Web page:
The Best Shelter From Yield Havoc May Be Southeast Asia Equities

Southeast Asian stocks could be safe havens amid the disruption in global risk assets led by spiking yields, according to market watchers.

Some of that confidence is already on display. The benchmark equity gauges of Indonesia, Malaysia and the Philippines were little changed in trading Friday morning despite the sell-off in the U.S. and other large markets. Singapore’s Straits Times Index was down 1%, paring its loss of as much as 1.8%.

The Best Shelter From Yield Havoc May Be Southeast Asia Equities

Four key reasons may explain the trend:

  • Most of Asean’s peers are overbought. The rally in emerging and Asian markets is looking stretched on multiple indicators, according to some brokers including Morgan Stanley. On Wednesday, the firm upgraded Singapore equities to overweight in its Asia allocation, citing cheap valuations and improving earnings and economy.
  • Stocks are relatively cheap according to price-to-earnings ratios. While the MSCI Asean Index’s valuation is one standard deviation above its five-year average, those for Asian and emerging market gauges are more than two standard deviations above their mean, according to data compiled by Bloomberg.
  • Lack of big technology stocks. What until the end of last year was considered a bane of the region’s stock markets could now act as a boon, as rising yields change earning assumptions for technology stocks.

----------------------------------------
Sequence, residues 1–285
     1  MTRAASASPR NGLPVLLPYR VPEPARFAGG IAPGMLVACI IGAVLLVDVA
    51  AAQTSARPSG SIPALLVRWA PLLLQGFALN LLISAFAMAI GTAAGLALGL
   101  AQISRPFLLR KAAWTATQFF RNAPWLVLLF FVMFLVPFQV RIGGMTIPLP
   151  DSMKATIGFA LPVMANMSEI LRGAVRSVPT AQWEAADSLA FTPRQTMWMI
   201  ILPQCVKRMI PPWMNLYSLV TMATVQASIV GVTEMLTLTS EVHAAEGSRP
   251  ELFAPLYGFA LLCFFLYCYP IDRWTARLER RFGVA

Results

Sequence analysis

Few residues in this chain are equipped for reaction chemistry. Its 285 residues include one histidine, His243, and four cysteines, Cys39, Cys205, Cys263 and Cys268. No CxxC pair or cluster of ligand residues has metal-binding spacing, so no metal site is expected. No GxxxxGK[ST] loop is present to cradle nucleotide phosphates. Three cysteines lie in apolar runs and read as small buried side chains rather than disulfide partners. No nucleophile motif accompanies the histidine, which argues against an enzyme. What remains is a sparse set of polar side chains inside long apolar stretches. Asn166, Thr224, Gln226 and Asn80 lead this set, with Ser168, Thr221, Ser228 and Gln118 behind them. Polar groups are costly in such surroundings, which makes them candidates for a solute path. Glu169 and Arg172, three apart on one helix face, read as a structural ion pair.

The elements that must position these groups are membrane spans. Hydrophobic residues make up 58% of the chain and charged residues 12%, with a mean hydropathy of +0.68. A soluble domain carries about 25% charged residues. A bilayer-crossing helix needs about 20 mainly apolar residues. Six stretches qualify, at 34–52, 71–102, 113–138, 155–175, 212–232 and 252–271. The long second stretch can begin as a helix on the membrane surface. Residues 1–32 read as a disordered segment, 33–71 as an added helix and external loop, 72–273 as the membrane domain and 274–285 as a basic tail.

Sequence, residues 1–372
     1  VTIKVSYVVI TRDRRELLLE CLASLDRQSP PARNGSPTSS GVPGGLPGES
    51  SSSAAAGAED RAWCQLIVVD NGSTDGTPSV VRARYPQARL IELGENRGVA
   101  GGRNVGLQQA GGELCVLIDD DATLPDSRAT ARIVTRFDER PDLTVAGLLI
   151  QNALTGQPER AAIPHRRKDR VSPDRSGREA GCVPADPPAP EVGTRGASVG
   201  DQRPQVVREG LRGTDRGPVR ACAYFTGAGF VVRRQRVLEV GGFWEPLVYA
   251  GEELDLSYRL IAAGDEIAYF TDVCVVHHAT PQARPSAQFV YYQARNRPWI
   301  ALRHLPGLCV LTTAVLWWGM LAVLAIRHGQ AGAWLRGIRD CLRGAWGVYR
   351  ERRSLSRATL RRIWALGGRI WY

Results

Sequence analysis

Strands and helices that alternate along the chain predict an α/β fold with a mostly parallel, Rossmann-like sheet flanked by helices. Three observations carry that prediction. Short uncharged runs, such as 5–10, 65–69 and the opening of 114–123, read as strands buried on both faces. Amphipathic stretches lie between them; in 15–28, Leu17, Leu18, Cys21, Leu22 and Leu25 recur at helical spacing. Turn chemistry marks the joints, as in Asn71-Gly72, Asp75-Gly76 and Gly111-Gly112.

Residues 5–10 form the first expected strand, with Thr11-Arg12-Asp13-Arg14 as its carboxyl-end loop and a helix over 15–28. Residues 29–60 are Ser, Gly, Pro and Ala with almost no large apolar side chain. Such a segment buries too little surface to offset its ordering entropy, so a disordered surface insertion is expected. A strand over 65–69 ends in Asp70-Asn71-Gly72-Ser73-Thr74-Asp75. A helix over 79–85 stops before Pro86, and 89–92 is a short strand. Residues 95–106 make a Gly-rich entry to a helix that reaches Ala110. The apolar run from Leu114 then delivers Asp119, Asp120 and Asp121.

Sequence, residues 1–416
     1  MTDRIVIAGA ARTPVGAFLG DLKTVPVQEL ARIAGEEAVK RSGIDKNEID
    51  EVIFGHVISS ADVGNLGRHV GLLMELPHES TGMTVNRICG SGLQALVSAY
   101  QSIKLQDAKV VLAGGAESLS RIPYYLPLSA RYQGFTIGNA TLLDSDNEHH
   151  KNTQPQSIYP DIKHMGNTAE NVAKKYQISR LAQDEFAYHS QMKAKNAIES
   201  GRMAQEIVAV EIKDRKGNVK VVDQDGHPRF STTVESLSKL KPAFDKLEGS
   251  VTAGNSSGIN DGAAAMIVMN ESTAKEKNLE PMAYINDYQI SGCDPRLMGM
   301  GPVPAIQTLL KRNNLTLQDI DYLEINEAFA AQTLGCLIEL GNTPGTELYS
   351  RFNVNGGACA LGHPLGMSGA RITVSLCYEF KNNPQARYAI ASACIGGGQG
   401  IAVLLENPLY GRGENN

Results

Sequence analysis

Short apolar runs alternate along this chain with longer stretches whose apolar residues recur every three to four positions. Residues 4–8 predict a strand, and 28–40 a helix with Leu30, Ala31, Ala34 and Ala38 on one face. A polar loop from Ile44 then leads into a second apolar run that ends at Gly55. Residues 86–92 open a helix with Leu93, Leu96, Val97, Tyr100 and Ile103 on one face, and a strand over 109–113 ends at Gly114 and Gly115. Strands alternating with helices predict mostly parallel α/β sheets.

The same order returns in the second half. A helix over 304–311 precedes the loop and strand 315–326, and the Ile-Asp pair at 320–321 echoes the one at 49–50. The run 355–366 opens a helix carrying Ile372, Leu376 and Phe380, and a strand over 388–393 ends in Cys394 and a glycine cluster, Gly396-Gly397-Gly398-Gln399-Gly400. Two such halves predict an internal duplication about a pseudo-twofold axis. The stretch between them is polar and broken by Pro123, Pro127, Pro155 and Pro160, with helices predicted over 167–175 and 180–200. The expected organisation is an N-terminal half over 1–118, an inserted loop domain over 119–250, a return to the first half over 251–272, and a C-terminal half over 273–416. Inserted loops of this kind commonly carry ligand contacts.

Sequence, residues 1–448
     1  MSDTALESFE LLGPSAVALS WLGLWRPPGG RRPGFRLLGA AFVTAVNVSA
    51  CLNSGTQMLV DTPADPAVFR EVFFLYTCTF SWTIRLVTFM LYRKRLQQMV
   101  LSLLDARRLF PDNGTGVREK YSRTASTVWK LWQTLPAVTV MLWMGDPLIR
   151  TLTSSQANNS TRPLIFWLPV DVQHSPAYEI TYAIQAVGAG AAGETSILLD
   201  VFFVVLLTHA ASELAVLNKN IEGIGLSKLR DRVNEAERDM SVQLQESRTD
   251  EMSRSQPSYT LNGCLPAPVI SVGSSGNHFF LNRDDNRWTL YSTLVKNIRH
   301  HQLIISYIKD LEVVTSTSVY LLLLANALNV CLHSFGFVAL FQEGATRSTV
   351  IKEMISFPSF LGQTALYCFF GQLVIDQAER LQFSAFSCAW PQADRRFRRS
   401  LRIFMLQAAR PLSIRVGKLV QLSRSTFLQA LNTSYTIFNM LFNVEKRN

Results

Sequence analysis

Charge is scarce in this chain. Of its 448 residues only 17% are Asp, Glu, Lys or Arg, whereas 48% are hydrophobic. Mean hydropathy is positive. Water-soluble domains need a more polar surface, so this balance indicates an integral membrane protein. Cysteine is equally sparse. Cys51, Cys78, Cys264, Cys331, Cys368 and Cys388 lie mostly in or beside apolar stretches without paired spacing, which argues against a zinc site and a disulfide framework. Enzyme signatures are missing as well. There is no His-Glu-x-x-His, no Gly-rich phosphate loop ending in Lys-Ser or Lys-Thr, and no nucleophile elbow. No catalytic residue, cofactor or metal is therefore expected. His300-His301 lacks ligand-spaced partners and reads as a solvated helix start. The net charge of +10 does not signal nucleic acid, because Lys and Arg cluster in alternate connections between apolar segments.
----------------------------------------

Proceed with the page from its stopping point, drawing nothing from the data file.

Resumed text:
• Billions of dollars have already left over the years. Thailand is set for for a fifth year of foreign outflows and Malaysia and the Philippines are staring at a fourth year of annual withdrawals, according to data compiled by Bloomberg.

Southeast Asian stocks should act as safe havens as “valuations are not as stretched as they are in the U.S., and have not been hyped up by the retail flows,” said Gary Dugan, chief executive of the Global CIO Office. “Singapore should be a safe harbor as it has a low correlation with U.S. interest rates and has been a marked underperformer.”

Singapore’s equity gauge has dropped 5.6% over the last year versus a 2% gain in Southeast Asia’s benchmark and the 30% surge in the MSCI Asia Pacific Index.

©2021 Bloomberg L.P.

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